K-culture without “K-”? The paradoxical nature of producing Korean television toward a sustainable Korean wave
This article examines the changing characteristics in defining the Koreanness of Korean popular culture in the era of the Korean Wave. Based on interviews with cultural bureaucrats and television producers, the study finds that creators emphasize universal values and transcultural characteristics in their cultural products to increase cultural exports. As the Korean Wave becomes an increasingly important agenda in policy contexts, state authorities redefine Koreanness with successful Korean content. Combined with other elements in the production and distribution of Korean cultural products that indicate the globalization of Korean cultural industries, the findings of interviews explain that the meaning of the prefix “K-” is defined by the global popularity of products and the market logic. However, considering cultural products have functioned as a means of promoting national unity and signifying the national identity, such a strategy of producing “Korean-less” content often causes controversies.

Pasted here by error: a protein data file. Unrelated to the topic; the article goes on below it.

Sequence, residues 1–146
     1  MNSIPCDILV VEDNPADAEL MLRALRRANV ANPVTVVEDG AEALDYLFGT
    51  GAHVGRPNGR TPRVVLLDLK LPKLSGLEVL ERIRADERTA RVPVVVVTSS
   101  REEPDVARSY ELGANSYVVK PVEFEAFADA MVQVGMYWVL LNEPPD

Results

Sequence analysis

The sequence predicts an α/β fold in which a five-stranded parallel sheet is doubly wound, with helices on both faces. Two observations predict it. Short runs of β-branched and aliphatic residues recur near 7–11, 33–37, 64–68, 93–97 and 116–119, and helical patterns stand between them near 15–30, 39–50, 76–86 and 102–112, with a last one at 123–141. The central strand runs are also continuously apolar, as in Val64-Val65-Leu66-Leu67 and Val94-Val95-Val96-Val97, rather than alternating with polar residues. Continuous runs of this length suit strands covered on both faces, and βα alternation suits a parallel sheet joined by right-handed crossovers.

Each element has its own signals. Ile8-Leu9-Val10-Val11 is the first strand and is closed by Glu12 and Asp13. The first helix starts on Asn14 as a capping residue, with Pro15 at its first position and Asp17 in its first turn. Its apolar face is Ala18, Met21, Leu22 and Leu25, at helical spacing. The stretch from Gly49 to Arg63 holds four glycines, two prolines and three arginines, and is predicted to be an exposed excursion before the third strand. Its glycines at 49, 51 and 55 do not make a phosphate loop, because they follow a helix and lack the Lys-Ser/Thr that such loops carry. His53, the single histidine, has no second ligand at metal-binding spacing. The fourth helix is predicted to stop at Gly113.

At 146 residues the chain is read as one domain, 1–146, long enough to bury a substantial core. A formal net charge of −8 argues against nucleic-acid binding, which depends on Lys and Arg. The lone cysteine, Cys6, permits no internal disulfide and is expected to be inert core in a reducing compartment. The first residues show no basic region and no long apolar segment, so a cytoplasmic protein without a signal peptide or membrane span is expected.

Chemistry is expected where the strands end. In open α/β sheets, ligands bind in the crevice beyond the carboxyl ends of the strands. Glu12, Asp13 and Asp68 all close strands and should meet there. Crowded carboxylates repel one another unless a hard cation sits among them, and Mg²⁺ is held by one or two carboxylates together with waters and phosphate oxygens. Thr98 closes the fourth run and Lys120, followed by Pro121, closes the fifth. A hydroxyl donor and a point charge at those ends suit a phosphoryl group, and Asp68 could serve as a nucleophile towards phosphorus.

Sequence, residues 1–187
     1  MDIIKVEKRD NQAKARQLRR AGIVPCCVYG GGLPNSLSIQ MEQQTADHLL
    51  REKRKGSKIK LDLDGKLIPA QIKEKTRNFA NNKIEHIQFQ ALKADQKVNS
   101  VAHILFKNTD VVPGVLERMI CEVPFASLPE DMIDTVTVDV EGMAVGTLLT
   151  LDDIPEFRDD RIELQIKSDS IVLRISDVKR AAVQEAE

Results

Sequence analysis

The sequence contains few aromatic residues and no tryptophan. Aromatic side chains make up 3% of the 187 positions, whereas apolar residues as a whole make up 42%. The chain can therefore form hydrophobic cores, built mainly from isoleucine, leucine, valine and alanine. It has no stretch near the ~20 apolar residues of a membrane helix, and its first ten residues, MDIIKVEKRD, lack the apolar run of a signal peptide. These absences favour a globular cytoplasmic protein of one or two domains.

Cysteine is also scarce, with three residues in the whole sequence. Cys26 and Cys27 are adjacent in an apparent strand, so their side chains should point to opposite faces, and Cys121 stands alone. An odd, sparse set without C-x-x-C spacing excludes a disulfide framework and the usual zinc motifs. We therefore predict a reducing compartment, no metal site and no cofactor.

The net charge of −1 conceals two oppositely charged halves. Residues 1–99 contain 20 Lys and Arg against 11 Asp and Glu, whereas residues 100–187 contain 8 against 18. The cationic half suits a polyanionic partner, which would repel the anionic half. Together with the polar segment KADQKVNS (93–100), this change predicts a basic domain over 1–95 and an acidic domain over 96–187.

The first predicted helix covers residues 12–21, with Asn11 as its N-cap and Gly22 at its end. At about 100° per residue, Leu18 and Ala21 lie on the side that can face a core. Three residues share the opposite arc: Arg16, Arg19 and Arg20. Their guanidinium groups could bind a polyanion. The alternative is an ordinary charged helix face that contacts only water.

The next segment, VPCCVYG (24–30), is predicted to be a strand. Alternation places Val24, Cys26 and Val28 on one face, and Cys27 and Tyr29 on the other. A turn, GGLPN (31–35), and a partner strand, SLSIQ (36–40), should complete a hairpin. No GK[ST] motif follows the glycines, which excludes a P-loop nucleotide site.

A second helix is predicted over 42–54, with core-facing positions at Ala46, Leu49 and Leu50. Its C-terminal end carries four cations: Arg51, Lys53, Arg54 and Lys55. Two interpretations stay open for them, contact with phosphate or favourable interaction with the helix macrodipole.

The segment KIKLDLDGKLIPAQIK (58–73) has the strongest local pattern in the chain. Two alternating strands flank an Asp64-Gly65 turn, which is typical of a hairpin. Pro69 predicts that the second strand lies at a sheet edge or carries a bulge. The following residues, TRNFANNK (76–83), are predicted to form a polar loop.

Academy of Korean Studies (AKS-2021-C-009)
- Social Sciences and Humanities
- Communication and Media
Published inInternational Journal of Communication
Pages149 - 170
PublisherUniversity of Southern California
- VoR (Version of Record)
Rights holder© Taeyoung Kim
Publisher statementThis is an Open Access article. This work is licensed under a Creative Commons Attribution-NonCommercial-NoDerivatives 4.0 International License (https://creativecommons.org/licenses/by-nc-nd/4.0/).